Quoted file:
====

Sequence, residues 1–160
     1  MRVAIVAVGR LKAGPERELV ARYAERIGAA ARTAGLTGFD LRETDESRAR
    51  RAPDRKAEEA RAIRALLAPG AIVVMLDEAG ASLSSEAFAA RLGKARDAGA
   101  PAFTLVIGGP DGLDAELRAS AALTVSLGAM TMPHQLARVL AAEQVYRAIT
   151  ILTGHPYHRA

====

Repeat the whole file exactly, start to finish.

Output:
Sequence, residues 1–160
     1  MRVAIVAVGR LKAGPERELV ARYAERIGAA ARTAGLTGFD LRETDESRAR
    51  RAPDRKAEEA RAIRALLAPG AIVVMLDEAG ASLSSEAFAA RLGKARDAGA
   101  PAFTLVIGGP DGLDAELRAS AALTVSLGAM TMPHQLARVL AAEQVYRAIT
   151  ILTGHPYHRA